By Halimah Abdullah and Allison Brennan, CNN
Tampa (CNN) - Paul Ryan symbolizes for many Republicans of his generation a passing of the torch and a call to embrace the Reagan-era principles that appealed so strongly to young voters in the 1980s.
The Wisconsin congressman evoked both when he took the stage on Wednesday night and delivered a prime-time acceptance speech at the Republican National Convention that skewered what the GOP sees as President Barack Obama's failed economic policies.
With Ryan, 42, holding down the No. 2 spot, the ticket hopes to strengthen his Generation X demographic ahead of November and broaden the campaign's appeal to a wealth of younger voters, a much more challenging prospect.
During his speech, Ryan spoke directly to young voters' economic concerns.
"Millions of young Americans have graduated from college during the Obama presidency, ready to use their gifts and get moving in life. Half of them can't find the work they studied for, or any work at all," Ryan told the crowd. "So here's the question: Without a change in leadership, why would the next four years be any different from the last four years?"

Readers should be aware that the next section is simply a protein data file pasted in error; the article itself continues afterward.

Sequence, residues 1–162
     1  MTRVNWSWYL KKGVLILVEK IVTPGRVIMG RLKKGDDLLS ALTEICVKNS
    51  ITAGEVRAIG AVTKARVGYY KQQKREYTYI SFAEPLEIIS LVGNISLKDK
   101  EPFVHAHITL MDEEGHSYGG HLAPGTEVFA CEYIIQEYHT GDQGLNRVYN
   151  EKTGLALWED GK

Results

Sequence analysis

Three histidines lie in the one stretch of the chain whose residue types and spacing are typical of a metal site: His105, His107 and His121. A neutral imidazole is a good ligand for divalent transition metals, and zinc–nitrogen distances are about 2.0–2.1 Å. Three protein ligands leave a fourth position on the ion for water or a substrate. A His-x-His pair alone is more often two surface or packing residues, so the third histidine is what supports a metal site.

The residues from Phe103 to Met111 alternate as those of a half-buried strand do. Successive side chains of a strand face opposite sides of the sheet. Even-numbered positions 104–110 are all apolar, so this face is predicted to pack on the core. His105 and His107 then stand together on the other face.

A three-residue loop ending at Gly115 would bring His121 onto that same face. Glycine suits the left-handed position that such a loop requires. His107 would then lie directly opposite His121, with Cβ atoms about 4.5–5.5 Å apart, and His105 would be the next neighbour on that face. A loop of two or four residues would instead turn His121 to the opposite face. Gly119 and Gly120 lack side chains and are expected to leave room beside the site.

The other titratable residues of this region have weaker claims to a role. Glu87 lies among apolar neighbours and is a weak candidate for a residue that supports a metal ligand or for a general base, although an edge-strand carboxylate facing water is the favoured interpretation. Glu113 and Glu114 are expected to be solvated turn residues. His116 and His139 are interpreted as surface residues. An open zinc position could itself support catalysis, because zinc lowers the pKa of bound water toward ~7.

The first Gen Xers were eligible to vote for Ronald Reagan's second term at the height of his popularity and his conservative dogma. Younger voters for Reagan, the oldest U.S. president ever inaugurated, were among his strongest supporters.
It was not known then that Reagan's political aura and his mantra for smaller government and lower taxes would endure well into the next century. Nostalgia for Reagan is powerful. His views remain a litmus test for Republicans seeking national office.